Rare Lynch Syndrome cancer on the rise among young people

(AGI) Rome, Feb 27 - Cases of Lynch Syndrome, also known ashereditary non-polyposis colorectal cancer, an inherited cancerof the digestive tract, is on the rise among young people inItaly. Researchers at the Gastroenterology and DigestiveEndoscopy Unit at the Regina Elena national cancer institute inRome have published a comparative study in the World Journal ofGastroenterology. The study evidences a decline in cases ofcolorectal cancer in the U.S. and Europe, in the generalpopulation aged 50 and above, thanks to screening programmes,and a 3 to 8.6 percent rise in cases of colorectal cancer in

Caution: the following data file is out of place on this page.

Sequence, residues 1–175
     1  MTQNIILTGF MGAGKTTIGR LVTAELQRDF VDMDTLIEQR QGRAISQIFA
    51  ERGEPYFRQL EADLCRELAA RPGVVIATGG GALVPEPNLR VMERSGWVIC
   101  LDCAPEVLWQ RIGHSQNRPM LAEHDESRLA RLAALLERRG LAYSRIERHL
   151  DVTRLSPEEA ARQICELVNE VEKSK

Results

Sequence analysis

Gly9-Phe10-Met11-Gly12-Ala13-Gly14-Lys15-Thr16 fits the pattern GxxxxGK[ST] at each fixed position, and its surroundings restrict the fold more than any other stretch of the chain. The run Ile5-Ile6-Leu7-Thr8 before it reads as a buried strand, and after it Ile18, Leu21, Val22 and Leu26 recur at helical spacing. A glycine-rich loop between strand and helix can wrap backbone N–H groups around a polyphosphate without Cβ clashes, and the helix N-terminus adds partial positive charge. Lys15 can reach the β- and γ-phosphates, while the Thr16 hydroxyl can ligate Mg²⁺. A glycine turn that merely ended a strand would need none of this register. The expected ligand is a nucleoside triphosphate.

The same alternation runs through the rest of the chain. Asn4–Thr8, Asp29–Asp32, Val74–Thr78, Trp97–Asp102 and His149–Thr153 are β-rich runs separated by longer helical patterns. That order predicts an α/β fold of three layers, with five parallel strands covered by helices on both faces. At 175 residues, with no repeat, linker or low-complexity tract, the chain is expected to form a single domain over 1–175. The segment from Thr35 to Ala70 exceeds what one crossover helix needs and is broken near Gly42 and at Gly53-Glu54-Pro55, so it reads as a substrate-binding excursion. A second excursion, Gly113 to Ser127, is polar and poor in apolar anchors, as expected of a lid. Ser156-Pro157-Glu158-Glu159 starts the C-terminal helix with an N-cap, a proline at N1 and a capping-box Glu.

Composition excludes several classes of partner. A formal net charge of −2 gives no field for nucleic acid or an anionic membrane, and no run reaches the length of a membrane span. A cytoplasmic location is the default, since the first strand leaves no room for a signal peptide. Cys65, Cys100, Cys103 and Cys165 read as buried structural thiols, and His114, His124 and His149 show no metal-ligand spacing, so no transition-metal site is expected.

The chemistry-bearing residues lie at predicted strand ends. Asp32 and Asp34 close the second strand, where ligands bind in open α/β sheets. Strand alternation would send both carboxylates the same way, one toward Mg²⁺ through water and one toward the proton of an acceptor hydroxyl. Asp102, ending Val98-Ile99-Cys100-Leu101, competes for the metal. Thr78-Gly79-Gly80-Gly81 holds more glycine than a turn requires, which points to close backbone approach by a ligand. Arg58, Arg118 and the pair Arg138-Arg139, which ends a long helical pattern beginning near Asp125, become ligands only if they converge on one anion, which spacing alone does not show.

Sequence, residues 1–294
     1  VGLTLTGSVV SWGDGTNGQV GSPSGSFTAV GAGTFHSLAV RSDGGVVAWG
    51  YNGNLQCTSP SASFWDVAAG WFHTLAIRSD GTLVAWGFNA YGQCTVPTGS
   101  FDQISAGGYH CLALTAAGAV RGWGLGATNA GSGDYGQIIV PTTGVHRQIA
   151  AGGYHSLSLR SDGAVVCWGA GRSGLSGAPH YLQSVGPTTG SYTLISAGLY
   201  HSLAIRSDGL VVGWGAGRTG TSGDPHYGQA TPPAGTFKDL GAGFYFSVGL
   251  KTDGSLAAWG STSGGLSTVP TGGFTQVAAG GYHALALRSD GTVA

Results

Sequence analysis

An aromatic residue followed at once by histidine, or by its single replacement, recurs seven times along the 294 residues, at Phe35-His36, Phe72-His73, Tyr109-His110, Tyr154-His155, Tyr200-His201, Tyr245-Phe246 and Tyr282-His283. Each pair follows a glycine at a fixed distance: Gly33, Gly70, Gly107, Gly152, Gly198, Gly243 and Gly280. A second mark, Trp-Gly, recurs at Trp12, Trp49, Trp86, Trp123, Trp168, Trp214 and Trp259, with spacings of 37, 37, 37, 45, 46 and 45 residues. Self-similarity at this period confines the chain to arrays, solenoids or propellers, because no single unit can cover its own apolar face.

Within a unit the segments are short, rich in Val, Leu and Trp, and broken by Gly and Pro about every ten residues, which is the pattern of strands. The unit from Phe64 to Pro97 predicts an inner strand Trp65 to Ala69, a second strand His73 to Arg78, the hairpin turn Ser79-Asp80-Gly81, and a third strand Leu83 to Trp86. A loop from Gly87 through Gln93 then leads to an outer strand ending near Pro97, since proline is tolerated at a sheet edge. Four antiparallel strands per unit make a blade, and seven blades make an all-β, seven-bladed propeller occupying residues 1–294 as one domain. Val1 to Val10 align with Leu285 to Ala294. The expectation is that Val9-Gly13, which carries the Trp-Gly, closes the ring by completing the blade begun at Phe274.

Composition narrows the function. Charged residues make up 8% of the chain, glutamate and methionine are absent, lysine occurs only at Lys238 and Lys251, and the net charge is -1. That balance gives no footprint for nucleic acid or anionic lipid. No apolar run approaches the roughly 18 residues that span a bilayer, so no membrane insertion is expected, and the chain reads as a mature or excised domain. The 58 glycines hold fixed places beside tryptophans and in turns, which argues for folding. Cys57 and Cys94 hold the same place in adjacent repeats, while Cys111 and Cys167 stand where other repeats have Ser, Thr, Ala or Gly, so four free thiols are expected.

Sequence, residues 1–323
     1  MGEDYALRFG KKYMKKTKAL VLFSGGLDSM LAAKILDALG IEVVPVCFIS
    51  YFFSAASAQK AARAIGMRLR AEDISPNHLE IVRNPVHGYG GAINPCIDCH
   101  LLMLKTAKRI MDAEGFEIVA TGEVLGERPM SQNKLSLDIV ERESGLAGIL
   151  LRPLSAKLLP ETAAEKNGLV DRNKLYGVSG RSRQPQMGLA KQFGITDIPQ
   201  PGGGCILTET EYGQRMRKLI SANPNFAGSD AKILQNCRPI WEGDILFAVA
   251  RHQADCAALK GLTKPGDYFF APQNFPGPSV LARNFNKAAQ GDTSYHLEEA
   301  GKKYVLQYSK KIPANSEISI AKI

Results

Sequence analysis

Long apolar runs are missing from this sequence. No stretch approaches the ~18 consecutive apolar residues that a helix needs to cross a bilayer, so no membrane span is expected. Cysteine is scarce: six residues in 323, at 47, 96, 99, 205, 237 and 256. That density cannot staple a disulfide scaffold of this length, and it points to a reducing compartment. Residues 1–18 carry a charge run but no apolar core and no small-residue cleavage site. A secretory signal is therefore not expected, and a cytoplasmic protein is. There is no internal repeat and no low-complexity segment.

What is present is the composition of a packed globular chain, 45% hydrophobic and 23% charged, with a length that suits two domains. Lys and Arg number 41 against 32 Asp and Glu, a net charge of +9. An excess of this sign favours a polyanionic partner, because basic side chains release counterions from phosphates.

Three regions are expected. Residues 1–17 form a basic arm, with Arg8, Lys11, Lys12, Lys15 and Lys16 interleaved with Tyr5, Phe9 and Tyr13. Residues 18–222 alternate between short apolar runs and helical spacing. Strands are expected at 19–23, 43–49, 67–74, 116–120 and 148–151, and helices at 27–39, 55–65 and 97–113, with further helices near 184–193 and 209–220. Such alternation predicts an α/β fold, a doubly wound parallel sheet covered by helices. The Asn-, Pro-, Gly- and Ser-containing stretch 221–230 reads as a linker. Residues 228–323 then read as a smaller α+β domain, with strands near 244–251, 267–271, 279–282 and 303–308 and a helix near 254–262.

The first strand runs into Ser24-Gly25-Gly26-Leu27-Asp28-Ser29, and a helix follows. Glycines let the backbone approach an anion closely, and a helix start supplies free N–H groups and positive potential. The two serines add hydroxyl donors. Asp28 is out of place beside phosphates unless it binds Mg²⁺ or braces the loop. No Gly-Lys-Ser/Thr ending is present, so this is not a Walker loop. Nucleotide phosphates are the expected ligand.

(AGI) Rome, Feb 27 - Cases of Lynch Syndrome, also known ashereditary non-polyposis colorectal cancer, an inherited cancerof the digestive tract, is on the rise among young people inItaly. Researchers at the Gastroenterology and DigestiveEndoscopy Unit at the Regina Elena national cancer institute inRome have published a comparative study in the World Journal ofGastroenterology. The study evidences a decline in cases ofcolorectal cancer in the U.S. and Europe, in the generalpopulation aged 50 and above, thanks to screening programmes,and a 3 to 8.6 percent rise in cases of colorectal cancer inpeople under 50 who have not taken part in screeningprogrammes. By revising previous data and conducting a recentstudy into hereditary colon cancers, researchers identified twosubtypes of juvenile colorectal cancer - a sporadic form, whereno first-degree genetic factors are generally present, and ahereditary form largely linked to Lynch Syndrome. Diagnosticsuspicion arises in patients under the age of 40 affected byrectal colon or endometrial cancer, and/or with a familyhistory of the disease, or in patients with multiple primarycancers of the colon and/or sites within the spectrum of thesyndrome. Patients are selected for molecular cancer screeningon the basis of these parameters. Simple, low-cost screeningmethods enable two typical characteristics shown by mismatchrepair (MMR) genes to be assessed, along withimmunohistochemistry testing (IHC) for microsatelliteinstability (MSI) and loss of protein expression correspondingto the mutated gene. This first screening identifies patientswho need to undergo genetic testing, which is more complex andcostly, and isolates the gene to be analysed. (AGI) . .